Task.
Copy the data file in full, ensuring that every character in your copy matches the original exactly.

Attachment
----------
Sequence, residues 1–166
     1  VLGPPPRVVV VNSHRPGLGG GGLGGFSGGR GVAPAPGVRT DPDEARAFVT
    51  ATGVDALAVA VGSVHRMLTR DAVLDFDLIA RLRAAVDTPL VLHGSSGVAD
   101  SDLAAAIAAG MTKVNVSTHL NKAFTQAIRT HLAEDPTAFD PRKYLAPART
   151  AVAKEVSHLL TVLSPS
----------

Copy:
Sequence, residues 1–166
     1  VLGPPPRVVV VNSHRPGLGG GGLGGFSGGR GVAPAPGVRT DPDEARAFVT
    51  ATGVDALAVA VGSVHRMLTR DAVLDFDLIA RLRAAVDTPL VLHGSSGVAD
   101  SDLAAAIAAG MTKVNVSTHL NKAFTQAIRT HLAEDPTAFD PRKYLAPART
   151  AVAKEVSHLL TVLSPS